Jerome Powell renomination for Fed chair backed by key Republican senators

White House still mum on potential Powell reappointment

Support for the potential renomination of Jerome Powell as chairman of the Federal Reserve is growing among key Senate Republicans, who have indicated they could help him earn a second term to lead the central bank despite fierce criticism from progressive lawmakers.

The White House is still mulling whether to tap Powell to lead the Fed for another four years – one of the most consequential economic decisions for President Biden – before his term officially ends in February 2022. Press secretary Jen Psaki has said Biden will make the decision with enough time to ensure the Senate can confirm the individual. 

Powell, a lawyer by training and a former Republican Treasury official, is generally respected on Wall Street and well-liked among lawmakers in both parties. The Fed chair – one of the most powerful players in Washington, with the ability to dictate the pace of economic growth – is typically nominated for a second term, often to reinforce the central bank's independence from politics. 

"Most of the people I’ve talked to on the Republican side support his renomination," Sen. John Kennedy, R-La., told reporters. "I can’t think of one person who opposes him."


Kennedy, who sits on the pivotal Senate Banking Committee, is among a group of at least eight Republican lawmakers who have indicated they would vote to confirm Powell if Biden nominates him for another term. That includes Sens. Thom Tillis of North Carolina, Steve Daines of Montana, Jerry Moran of Kansas, Mike Rounds of South Dakota, Chuck Grassley of Iowa and Kevin Cramer of North Dakota.

Their support could mean that Powell will be able to get confirmed in a 50-50 Senate, even as Biden is facing pressure from progressive lawmakers to replace the Fed chair, an appointee of former President Trump

Sen. Elizabeth Warren became the highest-profile lawmaker last month to oppose Powell's renomination, arguing that under his tenure, the central bank took "plenty of action to weaken" oversight of banks, including overhauling the Dodd-Frank Act's Volker Rule, revamping big-bank stress tests and allowing lenders to boost investments in venture capital.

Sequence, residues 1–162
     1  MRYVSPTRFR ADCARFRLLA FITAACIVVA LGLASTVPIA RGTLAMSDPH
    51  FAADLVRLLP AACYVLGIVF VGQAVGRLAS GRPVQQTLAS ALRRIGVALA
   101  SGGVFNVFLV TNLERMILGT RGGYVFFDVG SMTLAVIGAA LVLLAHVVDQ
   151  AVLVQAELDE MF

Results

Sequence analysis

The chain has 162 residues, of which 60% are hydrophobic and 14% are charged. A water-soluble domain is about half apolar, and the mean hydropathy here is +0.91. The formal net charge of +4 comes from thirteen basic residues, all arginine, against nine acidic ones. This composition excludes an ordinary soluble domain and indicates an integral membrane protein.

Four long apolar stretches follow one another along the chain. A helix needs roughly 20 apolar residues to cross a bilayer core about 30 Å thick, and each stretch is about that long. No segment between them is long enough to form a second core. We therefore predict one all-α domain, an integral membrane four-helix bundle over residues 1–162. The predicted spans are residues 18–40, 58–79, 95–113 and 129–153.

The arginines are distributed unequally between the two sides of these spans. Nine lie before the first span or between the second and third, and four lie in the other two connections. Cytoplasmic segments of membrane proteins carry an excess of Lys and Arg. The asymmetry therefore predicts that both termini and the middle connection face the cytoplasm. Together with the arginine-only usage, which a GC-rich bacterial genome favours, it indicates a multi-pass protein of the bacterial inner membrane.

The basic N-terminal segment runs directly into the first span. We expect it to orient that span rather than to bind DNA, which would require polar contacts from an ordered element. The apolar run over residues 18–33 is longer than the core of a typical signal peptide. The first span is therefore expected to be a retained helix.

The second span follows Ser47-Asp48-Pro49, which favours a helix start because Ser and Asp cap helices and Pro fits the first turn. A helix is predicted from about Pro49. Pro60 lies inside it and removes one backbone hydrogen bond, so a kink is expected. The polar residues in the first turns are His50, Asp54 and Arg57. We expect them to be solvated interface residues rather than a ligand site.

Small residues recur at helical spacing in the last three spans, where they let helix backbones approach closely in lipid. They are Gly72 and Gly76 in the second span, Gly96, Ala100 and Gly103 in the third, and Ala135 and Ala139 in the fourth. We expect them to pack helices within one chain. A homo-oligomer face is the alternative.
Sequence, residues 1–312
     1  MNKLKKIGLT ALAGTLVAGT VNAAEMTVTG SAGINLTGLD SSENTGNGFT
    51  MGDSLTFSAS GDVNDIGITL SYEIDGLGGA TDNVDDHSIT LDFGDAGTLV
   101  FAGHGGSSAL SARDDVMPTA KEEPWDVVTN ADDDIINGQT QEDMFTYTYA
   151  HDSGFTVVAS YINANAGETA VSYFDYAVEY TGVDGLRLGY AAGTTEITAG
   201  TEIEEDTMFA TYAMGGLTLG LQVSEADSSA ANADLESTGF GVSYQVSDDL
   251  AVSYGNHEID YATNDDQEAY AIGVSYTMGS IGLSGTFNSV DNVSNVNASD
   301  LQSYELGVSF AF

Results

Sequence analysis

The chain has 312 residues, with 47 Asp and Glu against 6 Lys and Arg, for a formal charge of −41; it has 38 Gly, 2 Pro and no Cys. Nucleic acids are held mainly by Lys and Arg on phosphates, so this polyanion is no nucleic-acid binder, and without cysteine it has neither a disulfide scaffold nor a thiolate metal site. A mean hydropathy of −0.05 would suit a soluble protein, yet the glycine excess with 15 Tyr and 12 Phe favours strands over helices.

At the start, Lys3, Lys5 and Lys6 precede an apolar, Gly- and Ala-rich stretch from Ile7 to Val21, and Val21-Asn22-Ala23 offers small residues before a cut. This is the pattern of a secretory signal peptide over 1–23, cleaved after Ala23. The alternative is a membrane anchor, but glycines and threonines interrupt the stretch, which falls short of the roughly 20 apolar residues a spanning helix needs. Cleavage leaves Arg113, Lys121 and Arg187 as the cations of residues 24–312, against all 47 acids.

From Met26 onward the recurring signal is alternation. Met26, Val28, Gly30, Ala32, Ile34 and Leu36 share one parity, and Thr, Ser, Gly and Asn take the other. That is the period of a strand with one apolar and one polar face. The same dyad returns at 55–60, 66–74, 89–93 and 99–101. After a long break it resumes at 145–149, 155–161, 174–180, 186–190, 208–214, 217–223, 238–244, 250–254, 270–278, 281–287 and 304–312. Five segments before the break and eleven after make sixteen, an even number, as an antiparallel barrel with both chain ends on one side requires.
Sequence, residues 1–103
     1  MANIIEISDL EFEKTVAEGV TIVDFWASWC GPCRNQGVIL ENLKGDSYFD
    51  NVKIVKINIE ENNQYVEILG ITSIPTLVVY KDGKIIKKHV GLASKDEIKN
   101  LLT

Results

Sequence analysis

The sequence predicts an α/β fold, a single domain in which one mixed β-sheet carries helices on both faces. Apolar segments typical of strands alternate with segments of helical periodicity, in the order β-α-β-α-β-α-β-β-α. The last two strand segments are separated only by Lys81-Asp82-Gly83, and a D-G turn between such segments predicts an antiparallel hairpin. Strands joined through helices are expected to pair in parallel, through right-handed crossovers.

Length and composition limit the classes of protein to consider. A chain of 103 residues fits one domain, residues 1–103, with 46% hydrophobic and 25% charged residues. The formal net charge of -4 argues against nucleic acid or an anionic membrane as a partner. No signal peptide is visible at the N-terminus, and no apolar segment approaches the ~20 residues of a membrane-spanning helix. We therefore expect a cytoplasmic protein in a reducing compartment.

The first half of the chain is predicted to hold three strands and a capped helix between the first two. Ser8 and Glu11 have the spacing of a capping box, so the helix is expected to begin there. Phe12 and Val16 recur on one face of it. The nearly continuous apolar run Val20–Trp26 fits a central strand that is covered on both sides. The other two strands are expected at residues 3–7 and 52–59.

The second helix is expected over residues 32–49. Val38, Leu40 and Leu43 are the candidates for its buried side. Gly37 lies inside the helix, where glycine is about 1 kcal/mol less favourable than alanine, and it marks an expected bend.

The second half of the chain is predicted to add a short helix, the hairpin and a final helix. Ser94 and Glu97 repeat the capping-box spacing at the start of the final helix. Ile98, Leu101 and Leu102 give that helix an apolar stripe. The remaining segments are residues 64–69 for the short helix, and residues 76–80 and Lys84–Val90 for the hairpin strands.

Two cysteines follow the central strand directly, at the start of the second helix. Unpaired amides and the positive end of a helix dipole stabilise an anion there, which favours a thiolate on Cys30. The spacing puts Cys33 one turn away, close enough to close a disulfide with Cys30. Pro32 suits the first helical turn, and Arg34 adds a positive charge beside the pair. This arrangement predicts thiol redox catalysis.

Elizabeth Warren Jerome Powell

Sen. Elizabeth Warren, D-Mass., talks to Federal Reserve Chairman Jerome Powell before a Senate Banking, Housing and Urban Affairs Committee hearing on the CARES Act on Capitol Hill, Tuesday, Sept. 28, 2021, in Washington. (Kevin Dietsch/Pool via AP) (Kevin Dietsch/Pool via AP / AP Newsroom)

"Your record gives me grave concern," Warren told Powell during a Senate Banking Committee hearing. "Over and over you have acted to make our banking system less safe. And that makes you a dangerous man to head up the Fed."

At the same time, Powell has reportedly secured a key endorsement from Janet Yellen, now the Treasury secretary, boosting his odds of a second term, given her nearly two decades of experience at the Fed, including four years leading the central bank. Yellen also has worked directly with Powell, who served as a governor at the Fed under her tenure. (In 2018, Powell replaced Yellen at the helm of the Fed, making her the first chair to not be reappointed after serving a first full term). 

The White House's decision comes as Fed policymakers grapple with how and when to start unwinding some of the ultra-easy monetary policies put in place to support the U.S. economy during the pandemic. Most Fed officials agreed last month they could begin slowing their aggressive bond-buying program as soon as mid-November, the first step they will take to dial back support for the U.S. economy.


Minutes from the U.S. central bank's Sept. 21-22 meeting show that policymakers are prepared to start gradually dialing back the $120 billion in monthly bond buys, a policy known as "quantitative easing" that's designed to keep credit cheap, as soon as next month. 

"Participants generally assessed that, provided that the economic recovery remained broadly on track, a gradual tapering process that concluded around the middle of next year would likely be appropriate," the minutes, released last week, said. "Participants noted that if a decision to begin tapering purchases occurred at the next meeting, the process of tapering could commence with the monthly purchase calendars beginning in either mid-November or mid-December."

Policymakers said they expect to conclude the tapering process by July of next year, about one or two months earlier than previously expected.

Economists widely expect Fed officials to announce tapering plans during their Nov. 2-3 meeting.